WHY NOT TRY: Roasting coffee beans at home

I LOVE my coffee and I enjoy the ritual of making my morning cup o' joe.

I have a friend who is even more serious about his coffee-making than I am and he has an engineering degree.

It's little surprise that he's pulled old espresso machines apart and fashioned out Frankenstein versions. He's also designed his own machine - he got sick of seeing hipster baristas hiding behind bulky La Marzoccos and wanted his unit to resemble a beer tap.

He asked me if I wanted to try roasting my own coffee beans. How could I refuse a caffeine-fuelled adventure with this mad inventor?

You don't just walk into your local supermarket and pick up a kilo of green coffee beans - they are generally sold in bulk to roasters.

My friend gets his hands on a commercially-small amount of the beans but he does not have a purpose-built roaster. What he does have, however, is ingenuity, a willingness to try new things and a stove-top peanut roaster that he picked up in the Philippines. The device is basically a fry pan with a crank handle that ensures the peanuts are constantly moving to achieve a consistent roast. The hotplate is turned up as hot as it will go and the green beans are poured into the pan.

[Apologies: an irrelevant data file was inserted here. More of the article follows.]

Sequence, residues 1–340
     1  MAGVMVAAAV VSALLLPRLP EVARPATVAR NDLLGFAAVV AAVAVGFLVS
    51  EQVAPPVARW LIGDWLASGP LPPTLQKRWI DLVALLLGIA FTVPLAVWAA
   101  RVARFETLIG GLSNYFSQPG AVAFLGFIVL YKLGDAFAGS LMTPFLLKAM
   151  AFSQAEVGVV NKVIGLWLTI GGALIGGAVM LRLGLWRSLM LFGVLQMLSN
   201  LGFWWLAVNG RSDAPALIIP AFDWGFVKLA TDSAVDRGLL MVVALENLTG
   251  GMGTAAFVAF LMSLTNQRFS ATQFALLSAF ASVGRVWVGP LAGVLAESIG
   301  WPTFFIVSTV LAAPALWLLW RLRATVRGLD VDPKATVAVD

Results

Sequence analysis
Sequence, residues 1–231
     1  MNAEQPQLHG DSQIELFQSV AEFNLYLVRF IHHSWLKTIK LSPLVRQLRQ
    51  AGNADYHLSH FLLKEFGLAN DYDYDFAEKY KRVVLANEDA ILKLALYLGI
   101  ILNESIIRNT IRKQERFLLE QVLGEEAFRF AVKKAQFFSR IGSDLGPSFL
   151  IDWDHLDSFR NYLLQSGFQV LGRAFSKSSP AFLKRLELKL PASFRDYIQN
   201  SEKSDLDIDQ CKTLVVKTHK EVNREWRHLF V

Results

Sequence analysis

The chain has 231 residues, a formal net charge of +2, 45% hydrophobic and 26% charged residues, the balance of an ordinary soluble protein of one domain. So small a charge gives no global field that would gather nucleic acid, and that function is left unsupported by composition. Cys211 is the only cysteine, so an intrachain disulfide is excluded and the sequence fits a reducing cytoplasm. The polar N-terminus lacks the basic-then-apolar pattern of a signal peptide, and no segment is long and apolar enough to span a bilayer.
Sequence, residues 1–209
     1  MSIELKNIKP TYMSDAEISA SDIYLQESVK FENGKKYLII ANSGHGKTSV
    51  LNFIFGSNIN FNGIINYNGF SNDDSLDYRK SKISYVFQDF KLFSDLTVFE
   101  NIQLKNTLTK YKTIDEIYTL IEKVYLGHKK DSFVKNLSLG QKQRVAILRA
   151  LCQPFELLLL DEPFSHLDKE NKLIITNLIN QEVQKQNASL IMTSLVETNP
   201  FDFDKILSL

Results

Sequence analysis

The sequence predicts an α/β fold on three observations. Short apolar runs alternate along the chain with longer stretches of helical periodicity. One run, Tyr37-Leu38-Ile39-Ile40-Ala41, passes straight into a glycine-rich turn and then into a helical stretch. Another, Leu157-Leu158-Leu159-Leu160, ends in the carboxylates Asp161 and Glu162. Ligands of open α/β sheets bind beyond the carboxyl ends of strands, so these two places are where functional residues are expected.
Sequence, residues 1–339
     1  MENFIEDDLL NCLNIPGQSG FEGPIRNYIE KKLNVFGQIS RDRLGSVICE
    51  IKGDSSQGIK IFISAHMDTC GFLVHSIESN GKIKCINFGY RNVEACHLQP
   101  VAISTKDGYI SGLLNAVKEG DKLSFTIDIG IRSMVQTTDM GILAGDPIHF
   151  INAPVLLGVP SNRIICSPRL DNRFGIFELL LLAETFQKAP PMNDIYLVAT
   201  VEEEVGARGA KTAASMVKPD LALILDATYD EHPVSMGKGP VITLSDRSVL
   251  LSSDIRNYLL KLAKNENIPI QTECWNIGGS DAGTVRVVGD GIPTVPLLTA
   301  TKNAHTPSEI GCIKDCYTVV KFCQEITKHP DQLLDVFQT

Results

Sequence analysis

It's easy to work up a sweat turning the beans over the heat as a delicious fragrance fills his apartment.

I'm pretty sure my friend needs to check the batteries in his smoke alarms, because, after 15 minutes of "roasting" things got pretty smoky and I didn't hear a great deal of high-pitched tone from the ceiling.

We turn the heat down and continue roasting until the beans look about right. The beans go through the grinder before they have a chance to cool down and before you can say "java" we are sipping on a couple of perfectly brewed piccolos.

Follow David on Twitter: @bigkamo.